In this third part, I’ll talk about the changes to annotations – tags, dimensions, revision numbering and nested generic annotation orientations. Many of these are things that have been on the wish list for a long time.
So many thing have been added to tags, so lets jump right in.
Yes, it’s finally here, the ability to associate a tag with more than one object and have multiple leaders from a single tag. Once you place a tag, you have the option to add/remove a host to that tag. Works for almost all model objects (I haven’t yet tested this completely, but it works for door, wall, and keynote tags)
Tags can now be rotated to any degree you want, not just vertical and horizontal. Set the orientation to “Model” and then use the rotate tool to change the angle of the tag as desired. There are some limitations to this feature enhancement, though. If, in the family, you select “Rotate with component” then you will lose the ability to change the orientation of the tag and it will always remain parallel to the object. This means that a door tag will always be parallel to the wall that the door is hosted in. You also cannot rotate the tag using spacebar.
Multi-Category Tags Work for All Model Categories
Before 2022, not all categories supported multi-category tags. Now, the following categories of elements can be tagged with multi-category tags:
- Revision Clouds
- Stair subcategories
- Site Subcategories
- Lines subcategories (Path of travel)
- Mass and subcategories
- Structural subcategories (connections, internal loads)
- MEP categories (HVAC zones, wires)
- Analytical categories
Tagging Curtain Wall Mullions
Yes, this is now a thing! You can create a Curtain Wall Mullion Tag from a generic tag family template.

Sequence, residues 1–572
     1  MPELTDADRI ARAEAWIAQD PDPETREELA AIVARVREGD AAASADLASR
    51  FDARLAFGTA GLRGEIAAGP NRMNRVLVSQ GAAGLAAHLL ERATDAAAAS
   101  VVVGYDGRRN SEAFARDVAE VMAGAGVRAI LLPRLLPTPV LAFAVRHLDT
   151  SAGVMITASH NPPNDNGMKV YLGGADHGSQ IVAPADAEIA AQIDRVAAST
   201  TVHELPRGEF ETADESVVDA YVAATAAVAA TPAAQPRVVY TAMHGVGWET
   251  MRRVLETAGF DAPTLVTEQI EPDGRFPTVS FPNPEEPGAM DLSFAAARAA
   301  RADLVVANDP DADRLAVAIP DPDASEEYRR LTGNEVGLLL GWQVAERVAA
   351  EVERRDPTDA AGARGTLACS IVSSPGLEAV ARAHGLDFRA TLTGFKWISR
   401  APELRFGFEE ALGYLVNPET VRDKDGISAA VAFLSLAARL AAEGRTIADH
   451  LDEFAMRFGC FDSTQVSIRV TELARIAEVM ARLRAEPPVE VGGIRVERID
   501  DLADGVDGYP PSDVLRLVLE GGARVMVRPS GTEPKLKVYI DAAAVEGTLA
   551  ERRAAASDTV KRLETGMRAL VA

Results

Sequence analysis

Automatic Link Tag Rehosting
In the past, if an element in a link was tagged and the link was not loaded, the tag would get orphaned. With the new enhancement, when a link is reloaded, Revit will now resolve these orphaned tags and automatically rehost them when the link is reloaded.
Two new features were added to dimensions.
Spot Slope on Ramps
Ramps are a pretty basic feature in Revit and in the past you weren’t able to add spot slopes or a spot elevations to them in plan (you could in 3D, which I discovered as I was writing this blogpost). In 2022, you can now do both!
Prefixes and Suffixes to Dimension Types
This one is pretty huge for me, coming from the historic preservation and existing building practice. We often needed to add a +/- to dimensions where the value either was an existing dimension that we were showing for reference or where that dimension was whatever was left after we set others. This suffix always had to be added manually to each specific dimension, but now, you can add it to the type! The type parameters for dimensions were also reorganized in 2022, to allow for these prefix and suffix parameters.
Revision Number Flexibility
Before 2022, you had two choices for numbering, Numeric, or Alphanumeric, and just one of each. In 2022, the numbering types have been opened up so that you can make whatever you want. One of each has been pre-populated and you have the ability to edit, duplicate, create new, or delete Numbering types.
Maintain Annotation Orientation
This one was listed under MEP enhancements, but as I work with a lot of interior designers and others who use families with nested generic annotations, I thought that it was a more general feature enhancement and decided to include it here. Before 2022, the only categories where the nested generic annotation families would appear regardless of the orientation of the family were ones with “Device” in the category name and “Electrical Fixtures.” Now, the following categories of elements will maintain their nested annotation orientation if the option is checked in the family Categories and Parameters options:
- Electrical Equipment
- Generic Models
- Lighting Fixtures
- Mechanical Equipment
- Plumbing Fixtures
- Specialty Equipment
That’s it for now! Hopefully these updates to annotation will help you be more productive!